Friday, April 22, 2016

This Flag

Americans seem to stand ever at the ready for a good controversy over "the" Confederate flag (and other Confederate memorabilia). Statues honoring Southern soldiers and statesmen have recently been on the chopping block.[1] Into this atmosphere steps Dwight McKissic, pastor of Cornerstone Baptist Church in Arlington, Texas. He is proposing to the Southern Baptist Convention a Resolution on the Elimination of the Confederate Flag from Public Life. If it makes it out of committee the resolution will be presented for vote to the 2016 Southern Baptist Convention, meeting in June in St. Louis, Missouri. The resolution calls the Confederate Battle Flag a "controversial and necessarily divisive symbol of racism conveyed by [its] ongoing public display" and asks "all persons, along with public, governmental, and religious institutions to discontinue the display of the Confederate Battle Flag and work diligently to remove vestigial symbols of racism..."

Tempers flared over the discussion of the resolution at SBC Voices, with one commenter suggesting that any discussion or questioning of the resolution should not be taking place. It is hard to progress along these lines when any "non-pc" comment will be labeled as racism (not that there never is racial reasoning, but that any perceived misstep is automatically so labeled). It is clear that some people do not want an honest and open discussion, but simple acquiesence to the obligatory socially acceptable groupthink. If history proves anything, it proves that the division of the Northern and Southern United States does not quite fit the simplistic framework imposed on it by revisionists. There is discussion to be had.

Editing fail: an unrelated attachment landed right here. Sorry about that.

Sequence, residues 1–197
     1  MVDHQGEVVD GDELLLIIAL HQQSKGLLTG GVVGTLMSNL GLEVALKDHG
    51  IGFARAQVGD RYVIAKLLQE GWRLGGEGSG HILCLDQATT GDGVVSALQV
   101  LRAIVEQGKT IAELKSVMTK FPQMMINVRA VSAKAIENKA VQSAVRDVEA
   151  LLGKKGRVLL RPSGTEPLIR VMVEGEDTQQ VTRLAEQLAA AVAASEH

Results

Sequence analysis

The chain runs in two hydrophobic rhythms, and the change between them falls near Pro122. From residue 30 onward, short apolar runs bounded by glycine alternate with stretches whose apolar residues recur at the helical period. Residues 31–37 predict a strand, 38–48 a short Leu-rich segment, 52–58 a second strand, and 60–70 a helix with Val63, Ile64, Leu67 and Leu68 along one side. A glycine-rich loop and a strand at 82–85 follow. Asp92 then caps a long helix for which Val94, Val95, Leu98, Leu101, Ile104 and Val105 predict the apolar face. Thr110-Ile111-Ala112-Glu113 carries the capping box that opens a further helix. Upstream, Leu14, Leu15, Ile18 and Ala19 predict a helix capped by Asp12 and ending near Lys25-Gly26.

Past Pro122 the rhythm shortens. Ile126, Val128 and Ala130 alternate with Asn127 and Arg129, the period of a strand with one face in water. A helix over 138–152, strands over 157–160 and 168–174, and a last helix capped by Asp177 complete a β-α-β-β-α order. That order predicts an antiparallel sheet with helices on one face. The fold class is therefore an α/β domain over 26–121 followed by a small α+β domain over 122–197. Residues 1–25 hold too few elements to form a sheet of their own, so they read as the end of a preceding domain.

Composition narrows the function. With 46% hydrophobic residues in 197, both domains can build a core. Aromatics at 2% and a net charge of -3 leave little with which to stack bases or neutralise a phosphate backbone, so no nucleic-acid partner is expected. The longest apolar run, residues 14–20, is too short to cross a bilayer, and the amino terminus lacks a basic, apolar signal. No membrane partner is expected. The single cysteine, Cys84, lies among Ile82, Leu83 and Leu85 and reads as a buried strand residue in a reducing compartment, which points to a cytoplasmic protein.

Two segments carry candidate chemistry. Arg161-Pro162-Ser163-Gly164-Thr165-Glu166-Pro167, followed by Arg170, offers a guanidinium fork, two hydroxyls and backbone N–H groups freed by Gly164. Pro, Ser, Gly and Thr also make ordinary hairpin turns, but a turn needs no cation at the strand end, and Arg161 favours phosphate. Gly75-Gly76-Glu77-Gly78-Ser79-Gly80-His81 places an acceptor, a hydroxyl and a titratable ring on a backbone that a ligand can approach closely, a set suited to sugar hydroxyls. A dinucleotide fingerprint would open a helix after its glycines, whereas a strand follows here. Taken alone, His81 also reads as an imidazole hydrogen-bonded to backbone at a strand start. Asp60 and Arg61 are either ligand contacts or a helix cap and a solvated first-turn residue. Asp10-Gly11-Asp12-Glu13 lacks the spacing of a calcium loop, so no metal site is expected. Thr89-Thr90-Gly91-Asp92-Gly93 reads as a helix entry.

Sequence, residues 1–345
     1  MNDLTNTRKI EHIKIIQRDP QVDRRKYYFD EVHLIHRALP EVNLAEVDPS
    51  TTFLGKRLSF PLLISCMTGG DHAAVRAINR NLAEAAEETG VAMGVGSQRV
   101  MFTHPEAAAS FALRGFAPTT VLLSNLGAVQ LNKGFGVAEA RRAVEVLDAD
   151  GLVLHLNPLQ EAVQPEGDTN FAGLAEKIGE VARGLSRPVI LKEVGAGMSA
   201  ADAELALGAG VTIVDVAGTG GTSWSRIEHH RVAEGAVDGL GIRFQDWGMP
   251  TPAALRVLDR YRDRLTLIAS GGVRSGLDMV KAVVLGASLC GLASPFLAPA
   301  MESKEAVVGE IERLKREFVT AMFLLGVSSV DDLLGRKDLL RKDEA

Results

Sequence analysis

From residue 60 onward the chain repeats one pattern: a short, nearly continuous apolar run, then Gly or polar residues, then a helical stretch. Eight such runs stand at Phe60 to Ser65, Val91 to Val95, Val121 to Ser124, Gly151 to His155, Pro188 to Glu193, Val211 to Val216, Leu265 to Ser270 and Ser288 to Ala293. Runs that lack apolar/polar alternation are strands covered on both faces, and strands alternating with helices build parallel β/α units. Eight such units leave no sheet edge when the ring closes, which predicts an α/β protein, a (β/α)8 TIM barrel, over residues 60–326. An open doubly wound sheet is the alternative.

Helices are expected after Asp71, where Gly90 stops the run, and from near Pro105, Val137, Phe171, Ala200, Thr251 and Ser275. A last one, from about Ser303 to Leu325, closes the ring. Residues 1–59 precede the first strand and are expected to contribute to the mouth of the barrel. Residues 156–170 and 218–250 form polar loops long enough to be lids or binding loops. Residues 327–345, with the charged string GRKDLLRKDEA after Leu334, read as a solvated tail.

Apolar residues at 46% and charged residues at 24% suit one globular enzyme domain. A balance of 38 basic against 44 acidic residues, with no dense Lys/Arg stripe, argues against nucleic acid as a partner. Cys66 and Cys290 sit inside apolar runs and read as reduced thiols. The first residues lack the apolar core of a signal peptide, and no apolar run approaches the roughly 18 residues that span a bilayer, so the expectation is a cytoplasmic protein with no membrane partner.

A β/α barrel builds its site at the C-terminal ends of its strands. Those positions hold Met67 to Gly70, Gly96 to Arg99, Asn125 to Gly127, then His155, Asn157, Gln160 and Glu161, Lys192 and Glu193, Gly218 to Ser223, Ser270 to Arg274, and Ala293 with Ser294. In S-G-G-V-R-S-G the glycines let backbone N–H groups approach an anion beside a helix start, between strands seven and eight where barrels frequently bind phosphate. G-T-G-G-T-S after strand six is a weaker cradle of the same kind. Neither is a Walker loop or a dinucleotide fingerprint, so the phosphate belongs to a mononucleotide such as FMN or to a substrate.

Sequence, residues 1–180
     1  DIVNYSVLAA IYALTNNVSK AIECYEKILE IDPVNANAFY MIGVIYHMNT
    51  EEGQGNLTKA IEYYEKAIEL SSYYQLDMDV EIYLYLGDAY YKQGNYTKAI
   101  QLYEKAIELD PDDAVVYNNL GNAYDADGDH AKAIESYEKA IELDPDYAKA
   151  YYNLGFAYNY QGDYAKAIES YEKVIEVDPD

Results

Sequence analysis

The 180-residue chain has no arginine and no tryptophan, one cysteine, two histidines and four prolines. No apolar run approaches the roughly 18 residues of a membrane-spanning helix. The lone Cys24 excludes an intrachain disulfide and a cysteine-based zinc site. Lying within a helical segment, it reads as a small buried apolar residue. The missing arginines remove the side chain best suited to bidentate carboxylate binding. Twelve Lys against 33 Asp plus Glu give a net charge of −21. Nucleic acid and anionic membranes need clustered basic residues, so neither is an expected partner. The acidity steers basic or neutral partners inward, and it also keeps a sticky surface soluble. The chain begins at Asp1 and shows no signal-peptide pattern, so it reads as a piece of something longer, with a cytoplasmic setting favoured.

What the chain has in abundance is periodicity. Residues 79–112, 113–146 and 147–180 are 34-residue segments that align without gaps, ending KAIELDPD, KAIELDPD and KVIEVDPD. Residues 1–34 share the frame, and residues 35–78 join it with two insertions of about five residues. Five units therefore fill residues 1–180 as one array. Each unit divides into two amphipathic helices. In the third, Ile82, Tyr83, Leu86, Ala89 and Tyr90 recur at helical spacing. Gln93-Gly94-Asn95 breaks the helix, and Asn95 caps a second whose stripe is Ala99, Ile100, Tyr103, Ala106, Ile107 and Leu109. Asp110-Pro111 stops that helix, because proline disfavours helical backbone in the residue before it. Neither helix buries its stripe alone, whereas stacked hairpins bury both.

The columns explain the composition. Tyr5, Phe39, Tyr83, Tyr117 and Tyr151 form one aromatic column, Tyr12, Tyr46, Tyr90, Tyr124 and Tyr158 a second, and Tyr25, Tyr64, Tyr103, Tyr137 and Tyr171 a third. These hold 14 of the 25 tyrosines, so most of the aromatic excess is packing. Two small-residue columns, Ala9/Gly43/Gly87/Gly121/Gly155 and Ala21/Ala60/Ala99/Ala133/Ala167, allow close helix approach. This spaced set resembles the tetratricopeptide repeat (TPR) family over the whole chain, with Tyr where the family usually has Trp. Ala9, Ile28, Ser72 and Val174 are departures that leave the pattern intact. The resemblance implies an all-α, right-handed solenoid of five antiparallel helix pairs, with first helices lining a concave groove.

When speaking of offense by and/or banning the Confederate flag, the "Southern Cross" is usually what is meant -- seen in either the square Army of Northern Virginia or rectangular Army of Tennessee flags.[2]

Liberty for all
As an American citizen I hate to see "scorched-earth" campaigns driven by the perpetually offended.[3] They will be neither satisfied nor pacified, regardless of how many victories they win. No matter how many statues and flags come down, no matter how many graves are moved. Though some mistakenly think otherwise, in the United States you do not always have the right to not be offended! I stand for the liberty and rights of those Americans who wish to fly the Confederate flag. While some are doubtless relieved by the removal of certain symbols, it is questionable to what extent that combats real racism.

Give none offense